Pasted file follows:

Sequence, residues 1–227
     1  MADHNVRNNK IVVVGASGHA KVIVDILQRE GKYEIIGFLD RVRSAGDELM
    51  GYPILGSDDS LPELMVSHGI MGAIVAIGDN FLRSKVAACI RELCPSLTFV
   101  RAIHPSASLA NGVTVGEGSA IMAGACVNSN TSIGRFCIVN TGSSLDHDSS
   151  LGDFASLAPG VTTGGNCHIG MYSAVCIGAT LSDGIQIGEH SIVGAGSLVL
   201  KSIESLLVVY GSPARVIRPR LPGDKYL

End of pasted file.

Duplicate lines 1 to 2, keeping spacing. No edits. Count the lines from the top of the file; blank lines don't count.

Sequence, residues 1–227
     1  MADHNVRNNK IVVVGASGHA KVIVDILQRE GKYEIIGFLD RVRSAGDELM